An American Kitchen in Paris
How I Learned to Cook (the Unexpected)
The year after college, I went to Paris to study French literature. My little studio in the 5th arrondissement had a black-and-white checkerboard floor, stucco walls, and a typically tiny kitchen. For the first time in my life, I became the cook.
Growing up in Richmond, Virginia, my sisters and I ate what my mom made. At some point in our teen years, we started offering to help, and now and then, she let us. I cut up vegetables, cracked eggs, stirred cake batter. But I was too busy going to ballet classes, writing poems and stories in college-ruled notebooks, and reading like a fiend to realize that cooking could be as much of a passion as eating.
And for my mom, while food is love, cooking new dishes never really was. She adores baking, and her camp and college care packages were legendary. My mom and dad also took pleasure in finding new restaurants to try and in hauling us back and forth between dozens of our favorite haunts. Our palates expanded as we ate pad Thai and nutella crêpes and hibachi shrimp. At home her meals consisted of a solid American repertoire that rotated through the months, with special dishes like shrimp remoulade and crabmeat quiche from my New Orleans Nana’s recipe collection. We always loved what my mom made — but new additions to the menu were rare.
In college, I didn’t have access to a kitchen, and I was perfectly happy to supplement any gross cafeteria meals with heaps of Oreo frozen yogurt and subpar late-night pizza.
Then I got to Paris.
Of course, I ate out plenty there, too. The dollar was strong against the franc in 2000, so for less than twenty bucks I could afford a classic three-course French meal, the kind I would have killed for in the U.S. even if I’d been able to pay four times the price. The simple food was just as inspiring. I frequented a little green kiosk near the Luxembourg Gardens for my go-to panini: a generous slab of feta and thin slips of sweet tomato on a baguette that was as crunchy outside as it was cloudlike inside.
Every weekday on the way to class, I would cross through the famous market lining the Rue Mouffetard, where oozy cheeses and the rich scent of rotisserie chicken (and even more so, the roasted potatoes tucked underneath) made my mouth water. At home, I began to throw together simple meals from a few ingredients I’d bought there — a green salad with feta, clementines, and a slick of mustard vinaigrette, or pasta with olives oiled in herbes de Provence.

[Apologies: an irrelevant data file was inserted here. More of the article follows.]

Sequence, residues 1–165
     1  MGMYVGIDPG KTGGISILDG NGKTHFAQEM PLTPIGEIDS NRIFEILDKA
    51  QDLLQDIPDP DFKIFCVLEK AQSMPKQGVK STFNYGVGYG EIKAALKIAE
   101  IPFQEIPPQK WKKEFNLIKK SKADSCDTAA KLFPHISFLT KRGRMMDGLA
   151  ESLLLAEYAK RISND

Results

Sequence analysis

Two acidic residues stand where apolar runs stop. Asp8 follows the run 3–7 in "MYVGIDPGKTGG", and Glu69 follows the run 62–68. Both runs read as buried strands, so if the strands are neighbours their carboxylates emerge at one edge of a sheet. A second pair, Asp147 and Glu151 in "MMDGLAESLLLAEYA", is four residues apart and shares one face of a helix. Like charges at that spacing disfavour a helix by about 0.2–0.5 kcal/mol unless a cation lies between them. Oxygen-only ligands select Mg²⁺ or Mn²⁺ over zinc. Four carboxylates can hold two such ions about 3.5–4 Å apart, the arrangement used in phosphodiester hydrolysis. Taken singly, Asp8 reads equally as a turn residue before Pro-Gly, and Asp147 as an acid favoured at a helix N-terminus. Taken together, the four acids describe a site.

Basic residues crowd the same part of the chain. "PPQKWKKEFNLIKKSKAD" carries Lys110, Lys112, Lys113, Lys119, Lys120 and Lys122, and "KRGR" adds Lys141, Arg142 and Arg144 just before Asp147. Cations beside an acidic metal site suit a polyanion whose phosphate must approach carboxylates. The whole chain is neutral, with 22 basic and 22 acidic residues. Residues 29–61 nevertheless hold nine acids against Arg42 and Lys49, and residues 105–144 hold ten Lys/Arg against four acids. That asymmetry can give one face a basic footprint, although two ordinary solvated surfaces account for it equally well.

But there were no béchamels being whipped on my stove, no vegetables julienned and nestled into a pastry vol-au-vent style. Instead, when I felt ready to take the next step, I called my mother for recipes.
I copied her shake-and-bake chicken, rustling egg-dipped filets in a plastic bag until they were coated with breadcrumbs and came out crispy sautéed on the stovetop.
I botched her spruced-up version of matzah ball soup from a box, scoffing at the instructions to roll the dough into twelve small balls. I like mine big and fluffy, so instead, I made four, and my eyes boggled when I lifted the pot’s lid to find the nearly basketball-sized matzah balls jostling for broth space. Aha, they grow when you cook them. I learned to follow directions.
For a holiday cookie exchange party held at my apartment, I made a batch of my family’s beloved chocolate-covered toffee and a football-shaped scar on my wrist trying to remove the baking sheet from the oven diagonally, the way it had to go in to fit. The guests were so pleased with their take-home haul that they vowed to turn it into an annual tradition, even my French guy friends, who were proud of their brownies.
Sure, Paris introduced me to new ingredients that would later inspire kitchen experiments. There were fresh figs, cold and sweet as ice cream, and greengage plums straight off my French host mother’s tree. There was sorrel plucked from her garden, lemony and bright as summer sunshine. Years after I returned to America, I gradually gained the confidence to dream up new flavor combinations, to tweak recipes and make them a new way — my way. And I now adore cooking dishes that taste of my time abroad. But during my first year in the kitchen, I didn’t aspire to cook like a Parisian. I was happy learning how to cook like home.